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Candidates Tournament Round 4

  • SonofPearl
  • on 19.03.13 13:51.

Annotations by GM Sam Shankland
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Magnus Carlsen beat Alexander Grischuk in round four of the 2013 Candidates Tournament to move into a share of the lead with Lev Aronian on 3/4 points.

With 4.d3 Carlsen declined to enter the mainline Berlin and an imbalanced position developed. Attacks on opposite wings guaranteed excitement as the players raced to break through first.

It was Carlsen who gained the upper hand, and although Grischuk seemed to have chances on the kingside, his habitual time trouble combined with Carlsen's accurate defence left him lost before the first time control.  In the post-match press conference Carlsen said "I wasn't overly happy with the first two games, but now I've got two wins I'm right where I need to be."

Magnus Carlsen won his second game in a row

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Today's victim was Alexander Grischuk

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1.e4. Still best by test?

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First to finish was the game between Lev Aronian and Peter Svidler. It was excellent home preparation from Svidler once again, this time achieving a comfortable draw by catching Aronian by surprise with the Queen's Gambit Accepted.

Peter Svidler showed more great home preparation

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Accepted? Aronian was taken by surprise in the opening.

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The bottom of the table encounter between Boris Gelfand and Vassily Ivanchuk provided unexpected fireworks as Ivanchuk once again chose an offbeat opening line: the Chigorin Defence to the Queen's Gambit.  A ferocious struggle ended in a draw by perpetual check, but it was hugely entertaining while it lasted! 

Bloodied, but unbowed. Gelfand and Ivanchuk fought each other like wounded tigers.

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Last to finish was the game between Teimour Radjabov and Vladimir Kramnik.  It was an evenly matched encounter arising out of a Nimzo-Indian which ended in a draw after 50 moves.


A draw for Radjabov and Kramnik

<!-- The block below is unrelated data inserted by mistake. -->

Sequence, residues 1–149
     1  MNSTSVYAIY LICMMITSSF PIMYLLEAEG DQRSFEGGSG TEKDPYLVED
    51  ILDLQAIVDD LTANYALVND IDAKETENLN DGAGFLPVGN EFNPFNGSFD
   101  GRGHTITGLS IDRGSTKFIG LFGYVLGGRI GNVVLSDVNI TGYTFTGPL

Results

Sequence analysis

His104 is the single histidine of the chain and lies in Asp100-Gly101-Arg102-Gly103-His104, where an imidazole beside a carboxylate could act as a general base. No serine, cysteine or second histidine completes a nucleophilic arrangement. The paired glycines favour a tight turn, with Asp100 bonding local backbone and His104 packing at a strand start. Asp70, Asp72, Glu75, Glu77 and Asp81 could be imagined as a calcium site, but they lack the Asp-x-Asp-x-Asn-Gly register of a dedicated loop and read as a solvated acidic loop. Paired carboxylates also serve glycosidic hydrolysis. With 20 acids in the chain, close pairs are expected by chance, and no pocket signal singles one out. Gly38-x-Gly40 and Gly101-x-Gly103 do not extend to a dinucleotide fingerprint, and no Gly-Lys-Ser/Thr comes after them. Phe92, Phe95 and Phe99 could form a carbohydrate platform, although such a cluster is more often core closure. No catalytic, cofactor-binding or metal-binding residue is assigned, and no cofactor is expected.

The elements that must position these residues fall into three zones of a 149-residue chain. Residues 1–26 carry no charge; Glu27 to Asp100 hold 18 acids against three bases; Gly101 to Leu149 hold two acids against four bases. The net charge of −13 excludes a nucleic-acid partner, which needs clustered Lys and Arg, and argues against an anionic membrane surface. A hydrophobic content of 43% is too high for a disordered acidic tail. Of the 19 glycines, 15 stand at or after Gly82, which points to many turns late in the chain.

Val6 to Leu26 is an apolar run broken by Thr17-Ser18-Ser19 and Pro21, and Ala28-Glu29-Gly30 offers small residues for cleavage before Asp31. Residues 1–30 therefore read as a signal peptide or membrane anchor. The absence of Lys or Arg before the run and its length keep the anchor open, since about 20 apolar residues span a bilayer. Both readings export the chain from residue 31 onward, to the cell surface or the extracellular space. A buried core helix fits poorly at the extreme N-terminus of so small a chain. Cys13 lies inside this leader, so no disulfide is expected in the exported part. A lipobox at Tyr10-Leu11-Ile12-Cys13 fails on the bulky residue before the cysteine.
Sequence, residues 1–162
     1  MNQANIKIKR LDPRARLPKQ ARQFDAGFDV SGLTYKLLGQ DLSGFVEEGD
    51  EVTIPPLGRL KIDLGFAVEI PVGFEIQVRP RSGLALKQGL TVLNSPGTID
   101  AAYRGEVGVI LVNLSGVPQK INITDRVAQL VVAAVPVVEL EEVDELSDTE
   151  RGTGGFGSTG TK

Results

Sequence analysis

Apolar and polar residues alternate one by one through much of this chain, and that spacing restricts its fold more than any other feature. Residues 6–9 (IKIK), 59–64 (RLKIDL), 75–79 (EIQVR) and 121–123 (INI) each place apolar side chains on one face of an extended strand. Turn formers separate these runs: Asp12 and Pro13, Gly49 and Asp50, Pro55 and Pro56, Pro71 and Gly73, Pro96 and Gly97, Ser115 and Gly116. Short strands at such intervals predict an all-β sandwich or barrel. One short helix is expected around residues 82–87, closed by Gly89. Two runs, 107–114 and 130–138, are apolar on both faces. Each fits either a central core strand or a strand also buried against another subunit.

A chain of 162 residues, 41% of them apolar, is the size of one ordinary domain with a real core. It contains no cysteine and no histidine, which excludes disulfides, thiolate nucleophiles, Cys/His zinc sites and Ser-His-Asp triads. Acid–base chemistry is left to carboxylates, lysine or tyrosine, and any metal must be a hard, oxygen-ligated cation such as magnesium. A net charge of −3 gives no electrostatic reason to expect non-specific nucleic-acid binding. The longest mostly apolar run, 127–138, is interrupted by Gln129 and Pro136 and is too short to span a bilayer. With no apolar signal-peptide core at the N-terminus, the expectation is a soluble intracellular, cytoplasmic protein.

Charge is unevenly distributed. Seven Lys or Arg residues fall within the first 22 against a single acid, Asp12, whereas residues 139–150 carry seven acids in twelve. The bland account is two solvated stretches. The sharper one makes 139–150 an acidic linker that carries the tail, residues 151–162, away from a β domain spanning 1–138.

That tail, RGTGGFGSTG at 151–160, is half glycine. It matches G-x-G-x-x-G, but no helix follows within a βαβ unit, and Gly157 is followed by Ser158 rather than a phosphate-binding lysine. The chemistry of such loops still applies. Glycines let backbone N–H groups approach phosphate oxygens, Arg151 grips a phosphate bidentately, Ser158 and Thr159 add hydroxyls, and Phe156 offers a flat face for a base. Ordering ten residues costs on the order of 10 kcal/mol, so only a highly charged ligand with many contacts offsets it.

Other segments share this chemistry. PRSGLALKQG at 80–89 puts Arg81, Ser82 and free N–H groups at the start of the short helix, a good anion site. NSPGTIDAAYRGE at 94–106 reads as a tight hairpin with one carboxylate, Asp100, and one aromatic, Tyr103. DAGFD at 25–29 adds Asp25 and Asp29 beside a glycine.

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The view of the playing area from the audience.

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Magnus Carlsen and the head of organisers AGON, Andrew Paulson, were interviewed by the BBC:

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The standings after four rounds

Name Fed Elo Pts
Magnus Carlsen NOR 2872 3
Levon Aronian ARM 2809 3
Peter Svidler RUS 2747
Teimour Radjabov AZE 2793 2
Vladimir Kramnik RUS 2810 2
Alexander Grischuk RUS 2764
Boris Gelfand ISR 2740 1
Vassily Ivanchuk UKR 2757 1

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The 2013 Candidates Tournament runs from 14 March - 2 April in London, with the winner earning the right to challenge current world champion Vishy Anand for the title.

The tournament is an 8-player double round-robin event and the venue is The IET at 2 Savoy Place on the banks of the river Thames. The total prize fund is €510,000 (approx 665,000 USD). 

All rounds start at 14:00 GMT, and the time control is 2 hours for 40 moves, then an extra hour added for the next 20 moves, then 15 minutes more with a 30 second increment to finish.

The official FIDE website coverage is at london2013.fide.com.

Round-by-Round Pairings

Round 1  15/03/13   
Levon Aronian Magnus Carlsen
Boris Gelfand Teimour Radjabov 
Vassily Ivanchuk  Alexander Grischuk 
Peter Svidler  Vladimir Kramnik
Round 2  16/03/13   
Magnus Carlsen Vladimir Kramnik
Alexander Grischuk  Peter Svidler 
Teimour Radjabov  Vassily Ivanchuk 
Levon Aronian Boris Gelfand
Round 3  17/03/13   
Boris Gelfand Magnus Carlsen
Vassily Ivanchuk  Levon Aronian
Peter Svidler  Teimour Radjabov 
Vladimir Kramnik Alexander Grischuk 
Round 4  19/03/13   
Magnus Carlsen Alexander Grischuk 
Teimour Radjabov  Vladimir Kramnik
Levon Aronian Peter Svidler 
Boris Gelfand Vassily Ivanchuk 
Round 5  20/03/13   
Vassily Ivanchuk  Magnus Carlsen
Peter Svidler  Boris Gelfand
Vladimir Kramnik Levon Aronian
Alexander Grischuk  Teimour Radjabov 
Round 6  21/03/13   
Peter Svidler  Magnus Carlsen
Vladimir Kramnik Vassily Ivanchuk 
Alexander Grischuk  Boris Gelfand
Teimour Radjabov  Levon Aronian
Round 7  23/03/13   
Magnus Carlsen Teimour Radjabov 
Levon Aronian Alexander Grischuk 
Boris Gelfand Vladimir Kramnik
Vassily Ivanchuk  Peter Svidler 
Round 8  24/03/13  
Magnus Carlsen Levon Aronian
Teimour Radjabov  Boris Gelfand
Alexander Grischuk  Vassily Ivanchuk 
Vladimir Kramnik Peter Svidler 
Round 9  25/03/13  
Vladimir Kramnik Magnus Carlsen
Peter Svidler  Alexander Grischuk 
Vassily Ivanchuk  Teimour Radjabov 
Boris Gelfand Levon Aronian
Round 10  27/03/13  
Magnus Carlsen Boris Gelfand
Levon Aronian Vassily Ivanchuk 
Teimour Radjabov  Peter Svidler 
Alexander Grischuk  Vladimir Kramnik
Round 11  28/03/13  
Alexander Grischuk  Magnus Carlsen
Vladimir Kramnik Teimour Radjabov 
Peter Svidler  Levon Aronian
Vassily Ivanchuk  Boris Gelfand
Round 12  29/03/13  
Magnus Carlsen Vassily Ivanchuk 
Boris Gelfand Peter Svidler 
Levon Aronian Vladimir Kramnik
Teimour Radjabov  Alexander Grischuk 
Round 13  31/03/13  
Teimour Radjabov  Magnus Carlsen
Alexander Grischuk  Levon Aronian
Vladimir Kramnik Boris Gelfand
Peter Svidler  Vassily Ivanchuk 
Round 14  01/04/13
Magnus Carlsen Peter Svidler 
Vassily Ivanchuk  Vladimir Kramnik
Boris Gelfand Alexander Grischuk 
Levon Aronian Teimour Radjabov